Bankers Can't Always Tilt at Merger Windmills
(Bloomberg Opinion) -- Let European banks merge – in the name of the resistance. That was the unspoken message from former Deutsche Bank AG CEO Josef Ackermann, who told Bloomberg Television this week that U.S. banks' global dominance in the era of Donald Trump should stir Europe's banks into joining forces and gaining scale. He urged regulators to help.
As if on cue, more names were thrown into the ring on Tuesday. UniCredit SpA, which the Financial Times said in June was weighing a deal with France's Societe Generale SA, is considering Spain's Banco Bilbao Vizcaya Argentaria SA or ABN Amro Group NV of the Netherlands as potential targets, according to MF.
There are good reasons to view takeovers – however tentative and far away they may be from happening – as an answer to the problems European banks face. Low interest rates have squeezed margins. Consolidation could be an opportunity to reduce costs and add scale with which to better fight U.S. rivals.
But shareholders should be wary of this enthusiasm for deal-making leading to a new round of value-destroying mistakes. Cross-border bank mergers have a habit of failing to deliver on their promises. There have been few since the catastrophic Royal Bank of Scotland Group Plc-led purchase of ABN Amro Holding NV completed in 2008 – with good reason.
The cost efficiencies tend to be elusive: a 2002 study by researchers at the University of Ghent found evidence of only limited performance improvements following cross-border banking deals. Regulators now penalize banks for getting bigger by requiring the most to hold a greater proportion of their assets as capital.
These factors might explain why a profitability gap has opened up between those banks that expanded overseas and their more domestically-focused peers.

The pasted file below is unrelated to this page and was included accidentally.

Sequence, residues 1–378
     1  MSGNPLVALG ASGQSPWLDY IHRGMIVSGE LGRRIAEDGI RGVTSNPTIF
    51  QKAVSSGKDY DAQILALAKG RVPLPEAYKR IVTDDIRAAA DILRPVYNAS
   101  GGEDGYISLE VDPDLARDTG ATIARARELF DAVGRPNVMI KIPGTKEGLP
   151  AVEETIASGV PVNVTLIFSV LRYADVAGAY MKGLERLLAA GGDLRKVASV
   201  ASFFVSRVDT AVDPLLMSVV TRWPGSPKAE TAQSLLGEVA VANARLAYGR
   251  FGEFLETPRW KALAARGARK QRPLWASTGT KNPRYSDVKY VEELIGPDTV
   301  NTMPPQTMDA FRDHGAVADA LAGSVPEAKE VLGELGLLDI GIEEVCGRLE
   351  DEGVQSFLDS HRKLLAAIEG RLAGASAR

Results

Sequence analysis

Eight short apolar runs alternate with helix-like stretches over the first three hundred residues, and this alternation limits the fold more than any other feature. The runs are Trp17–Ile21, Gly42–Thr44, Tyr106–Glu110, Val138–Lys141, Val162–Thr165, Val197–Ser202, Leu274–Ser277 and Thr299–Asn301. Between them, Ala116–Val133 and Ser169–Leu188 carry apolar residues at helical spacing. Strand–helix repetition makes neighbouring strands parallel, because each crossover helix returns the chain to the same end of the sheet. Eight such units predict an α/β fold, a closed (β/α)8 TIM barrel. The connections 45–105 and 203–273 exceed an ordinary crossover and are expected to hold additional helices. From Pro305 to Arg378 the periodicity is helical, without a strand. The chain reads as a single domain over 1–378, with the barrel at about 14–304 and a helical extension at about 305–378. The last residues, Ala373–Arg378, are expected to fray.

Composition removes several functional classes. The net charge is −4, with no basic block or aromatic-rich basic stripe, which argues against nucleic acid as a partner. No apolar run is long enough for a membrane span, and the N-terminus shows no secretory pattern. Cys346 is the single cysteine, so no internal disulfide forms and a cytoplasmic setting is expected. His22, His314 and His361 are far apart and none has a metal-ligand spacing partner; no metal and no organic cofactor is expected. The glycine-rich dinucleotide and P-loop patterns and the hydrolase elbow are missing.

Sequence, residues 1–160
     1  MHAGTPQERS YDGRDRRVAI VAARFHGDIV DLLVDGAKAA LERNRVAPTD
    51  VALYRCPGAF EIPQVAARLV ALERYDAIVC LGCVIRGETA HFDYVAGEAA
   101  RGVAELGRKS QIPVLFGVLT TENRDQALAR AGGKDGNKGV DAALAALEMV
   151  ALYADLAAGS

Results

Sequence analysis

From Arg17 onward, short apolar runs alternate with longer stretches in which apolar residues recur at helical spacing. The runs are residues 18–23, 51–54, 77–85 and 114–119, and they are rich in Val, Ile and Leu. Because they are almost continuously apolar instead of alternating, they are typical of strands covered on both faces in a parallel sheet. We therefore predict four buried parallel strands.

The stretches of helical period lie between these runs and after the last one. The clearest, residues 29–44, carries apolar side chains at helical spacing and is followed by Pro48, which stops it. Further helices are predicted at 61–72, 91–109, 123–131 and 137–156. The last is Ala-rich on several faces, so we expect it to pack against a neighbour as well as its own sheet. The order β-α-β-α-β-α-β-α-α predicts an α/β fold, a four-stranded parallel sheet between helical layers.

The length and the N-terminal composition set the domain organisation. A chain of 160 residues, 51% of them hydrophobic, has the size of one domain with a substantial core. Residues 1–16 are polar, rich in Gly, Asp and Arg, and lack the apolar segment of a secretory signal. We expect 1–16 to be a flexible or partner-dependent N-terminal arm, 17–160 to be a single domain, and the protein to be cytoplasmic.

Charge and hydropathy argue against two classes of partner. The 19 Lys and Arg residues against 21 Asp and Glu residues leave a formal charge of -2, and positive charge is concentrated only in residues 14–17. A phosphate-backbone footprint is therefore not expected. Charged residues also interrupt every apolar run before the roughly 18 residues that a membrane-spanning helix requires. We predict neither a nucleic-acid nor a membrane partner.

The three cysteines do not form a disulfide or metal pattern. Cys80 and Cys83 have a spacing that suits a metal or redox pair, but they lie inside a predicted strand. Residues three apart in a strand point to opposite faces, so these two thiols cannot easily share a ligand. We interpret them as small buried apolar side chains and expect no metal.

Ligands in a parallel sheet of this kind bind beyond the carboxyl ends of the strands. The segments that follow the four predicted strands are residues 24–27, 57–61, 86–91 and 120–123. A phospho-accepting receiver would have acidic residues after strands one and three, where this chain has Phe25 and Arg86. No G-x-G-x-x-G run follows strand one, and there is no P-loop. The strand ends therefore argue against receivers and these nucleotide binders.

Research by UBS analysts has found that the return on tangible equity of a basket of international banks including Citigroup Inc., HSBC Holdings Plc and Standard Chartered Plc under-performed the industry benchmark by about 2.6 percentage points in 2017. Risk-adjusted share-price returns were also better for their local peers. Economies of scale don't appear to have offset the cost of complexity.
Does this mean European bankers should give up tilting at merger windmills? Not necessarily. UBS analysts reckon there are ways to maximize the opportunities involved: buying a rival with more digital expertise would bring a head start to a cost-reduction drive, for example.
Regulators, for their part, could do more to clear the way for greater consolidation. A more complete banking union, or at least a common deposit insurance program in the euro zone, something that has been resisted by Germany, would help.
But it's worth remembering that some problems are best solved alone, or at least at the local level, before manning the barricades and calling for patriotic deal-making. Investors have endured enough pain over the past decade without the hassle of empire-builders.
This column does not necessarily reflect the opinion of the editorial board or Bloomberg LP and its owners.
Lionel Laurent is a Bloomberg Opinion columnist covering finance and markets. He previously worked at Reuters and Forbes.
©2018 Bloomberg L.P.